Children in school courtyard holding hands and looking at the camera

How school culture shapes student success

We recently learned about a school once plagued by low morale and dwindling student performance that underwent a transformation. The change wasn’t in the curriculum or the teaching methods, but in the school’s culture. This shift led to not only improved academic results but also happier, more engaged teachers and, in turn, students.

The culture of a school plays a pivotal role in shaping the success of its students. It’s not just about academic achievements, it’s about creating an environment where teachers feel empowered and students feel valued, understood, and motivated to learn. In today’s rapidly changing educational landscape, understanding the profound impact of school culture has never been more crucial.

From tradition to transformation

Kids playing with a tree, laughing and looking at the camera.

Historically, schools operated with a strict hierarchy and rigid structures. The focus was primarily on academic results, often overlooking the emotional and social needs of students. However, as research began to highlight the importance of holistic education, there was a shift in perspective.

Today, there’s a growing emphasis on creating a positive school environment. Schools are recognising the value of fostering a culture that promotes both academic excellence and emotional wellbeing and social development. As Edutopia suggests, a positive school culture boosts student learning and morale.

The foundations of learning: How culture impacts outcomes

A positive school culture creates an environment where students feel safe, respected, and encouraged to take risks in their learning. Such an environment is conducive to higher levels of engagement and achievement. According to the OECD, students who feel a sense of belonging at school are more likely to perform better academically and show more interest in their studies.

High school students laughing and enjoying each other's company

Moreover, the ripple effect of a positive school culture extends beyond academic performance. It plays a crucial role in students’ emotional and social development, preparing them for challenges beyond the classroom. As highlighted by the Learning Policy Institute, schools that prioritise a nurturing culture witness a decline in behavioural issues and an increase in collaborative learning.

This is an important part of what’s known as the hidden curriculum.

Blueprint for success: Cultivating a thriving school culture

Classroom scene, teacher standing in front of the board and explaining something, all students looking at him

The first step to building a strong school culture begins with the teachers. Institutions need to create environments in which education flourishes and students excel because teachers thrive. By doing so schools can not only attract and retain the best teachers, but those teachers feel empowered, supported, and inspired to be the difference young minds need in their lives.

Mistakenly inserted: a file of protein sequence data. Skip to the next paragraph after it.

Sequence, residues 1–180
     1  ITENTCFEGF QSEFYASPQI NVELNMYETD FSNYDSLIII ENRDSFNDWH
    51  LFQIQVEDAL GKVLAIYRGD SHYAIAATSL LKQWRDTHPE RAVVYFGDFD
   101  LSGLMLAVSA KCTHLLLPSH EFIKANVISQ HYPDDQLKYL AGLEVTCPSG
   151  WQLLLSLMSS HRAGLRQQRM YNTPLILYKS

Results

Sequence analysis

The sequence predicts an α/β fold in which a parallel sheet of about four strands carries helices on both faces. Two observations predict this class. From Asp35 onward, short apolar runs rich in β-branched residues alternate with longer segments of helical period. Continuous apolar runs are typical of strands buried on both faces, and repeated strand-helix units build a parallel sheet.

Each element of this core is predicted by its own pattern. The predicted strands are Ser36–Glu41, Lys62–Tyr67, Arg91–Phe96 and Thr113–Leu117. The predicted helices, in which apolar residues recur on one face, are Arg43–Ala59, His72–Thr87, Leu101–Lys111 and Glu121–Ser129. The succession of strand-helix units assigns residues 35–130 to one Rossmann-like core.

This is the other side of the hidden curriculum, but one we hear much less about. To get it right, schools need a clear and well-communicated vision, with strong leadership, a supportive working environment and ample professional development and mentoring opportunities.

Defining school culture

Kids learning in an open space.

But if achieving all that sounds easy, it isn’t. What makes great leadership and vision? How do the best leaders communicate well? How can you measure a supportive working environment? How can success be objectively analysed and benchmarked?

It’s these fundamental questions that led us to found Best School to Work as the gold standard for good school culture. It’s an independent, evidence-based mechanism for certifying those schools that have built the best working environments for their educators, but also providing detailed feedback, actionable insights, benchmarking data, and courses led by award-winning school leaders to help everyone raise their standards.

By setting that bar, and arming themselves with that knowledge, schools can elevate their culture for teachers and students. 

Multi-stakeholder approach

Building a positive school culture also requires a concerted effort from all stakeholders. Schools can start by promoting open communication, valuing diversity, and providing professional development opportunities focused on emotional intelligence and culturally responsive teaching.

Additionally, engaging parents and the broader community plays a crucial role. Schools that actively involve parents in decision-making and regularly seek feedback tend to have a more positive and inclusive culture. Such an environment not only benefits students but also attracts and retains quality educators.

The lasting legacy of a positive school culture

The culture of a school leaves an indelible mark on its students. It shapes their academic journey, influences their emotional growth, and prepares them for the challenges of the future. As we stand at the crossroads of educational transformation, prioritising school culture is not just desirable – it’s imperative.

In a world rife with challenges, schools have the power to be beacons of hope and change. By fostering a positive culture, they can mould future generations who are not just academically proficient but also emotionally resilient and socially responsible. The legacy of a positive school culture is, indeed, a legacy of hope, growth, and endless possibilities.